Analysing Client Needs in E-Learning
Analysing client needs – your needs – is one of the most important parts of the process of developing an effective e-learning course. When done right, you will get the best possible result and the process of getting there will be hassle free. If your e-learning provider doesn’t do a client needs analysis, there’s something wrong.
After all, you wouldn’t expect a sales assistant in a shoe shop to present you with the perfect pair of shoes without first finding out your size and the type and style of shoe you want to buy. In e-learning, there’s no way anyone can develop an effective e-learning course without first finding out, in detail, what you need.
Although it varies depending on the client and the project, analysing client needs can be split into four main sub-headings:
- The course
- The learners
- Practical issues
The starting point must always be the objectives you have as an organisation for implementing the e-learning course. This includes the changes you want to see in your employees such as:
- Improving efficiencies
- Delivering a better service to customers
- Improving customer acquisition
- And more
Compliance is another objective you might have.
In addition, I also like to find out if there are other business objectives you have with the e-learning course. For example, the course might be part of your overall strategy to improve employee retention rates or to reduce costs in your business.
The next stage is to get an understanding of the course you want developed. It’s not important to go into too much detail, i.e. there’s no need to go through each module or create storyboards. That can come later.
Instead, understanding your needs includes getting a clear outline of the broad subjects and topics the course should cover as well as any specifics relating to your business. It’s also important to find out the style of course you want developed – for example, should the tone be conversational and friendly or should it be more formal?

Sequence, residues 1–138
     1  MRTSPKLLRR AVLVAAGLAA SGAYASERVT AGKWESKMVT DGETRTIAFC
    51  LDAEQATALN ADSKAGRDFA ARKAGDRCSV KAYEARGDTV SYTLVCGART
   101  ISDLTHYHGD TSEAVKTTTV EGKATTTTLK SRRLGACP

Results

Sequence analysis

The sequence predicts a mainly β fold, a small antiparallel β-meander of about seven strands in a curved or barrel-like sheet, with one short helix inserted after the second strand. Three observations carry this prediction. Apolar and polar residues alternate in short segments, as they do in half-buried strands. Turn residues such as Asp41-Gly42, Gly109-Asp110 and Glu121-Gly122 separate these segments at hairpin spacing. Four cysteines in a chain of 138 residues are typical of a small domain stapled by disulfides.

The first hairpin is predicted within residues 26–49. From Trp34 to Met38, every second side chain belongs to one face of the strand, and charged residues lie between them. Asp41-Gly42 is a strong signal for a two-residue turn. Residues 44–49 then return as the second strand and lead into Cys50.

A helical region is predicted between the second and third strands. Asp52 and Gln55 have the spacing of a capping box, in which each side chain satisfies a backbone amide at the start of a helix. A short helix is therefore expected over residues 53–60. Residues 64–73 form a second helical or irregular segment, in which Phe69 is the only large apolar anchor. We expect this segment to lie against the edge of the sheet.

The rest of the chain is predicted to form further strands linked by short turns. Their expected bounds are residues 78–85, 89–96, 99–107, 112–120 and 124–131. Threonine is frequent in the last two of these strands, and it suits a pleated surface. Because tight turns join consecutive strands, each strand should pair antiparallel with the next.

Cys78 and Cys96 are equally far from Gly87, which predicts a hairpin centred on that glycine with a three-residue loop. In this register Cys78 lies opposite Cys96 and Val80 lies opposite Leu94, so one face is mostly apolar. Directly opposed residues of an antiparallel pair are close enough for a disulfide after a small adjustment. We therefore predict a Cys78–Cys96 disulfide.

It’s also important to cover the level of feedback and statistics you want to see. Another thing that is helpful to know at this stage is the support you will give to learners as they progress through the course.
Analysing your needs as a client also involves getting a better understanding of the people who will be going through the course. Again, the specifics will depend on your situation but can include:
- Who the learners are. For example, are they all from the same department or will the course need to appeal to people in different departments? Will learners all be roughly at the same level of seniority in the company or will both junior and senior employees complete the course?
- What is the current level of skill and knowledge of the learners? Does this vary by much?
- What motivates them to learn? For example, do they want to advance their careers or is this a compliance issue? Are there incentives?
- What were the outcomes from previous e-learning courses? Can data from previous courses help with the direction of the new course?
A client needs analysis exercise will also look at practical issues to ensure the e-learning course is a success. This includes:
- Do you have an LMS (Learning Management System)?
- What device will the training be delivered on? This will include whether it is by computer, tablet, and/or phone as well as whether it will be employee-owned devices or devices you own. Often it is also important to know specifics, such as the make of phone, to help avoid compatibility issues.
- What level of input will be required from the company and who is responsible for providing this information? This could be as simple as providing a copy of the company’s logo but it could also include product information, company specific scenarios, company statistics, etc.
- How many learners will complete the course?
- Where are the learners located?
- When does the course need to be ready?
What You Can Expect
While I can’t speak for other e-learning providers, my experience of analysing client needs before starting an e-learning course is that it doesn’t take long. The short amount of time spent on the task does, however, speed up development while also delivering on your objectives.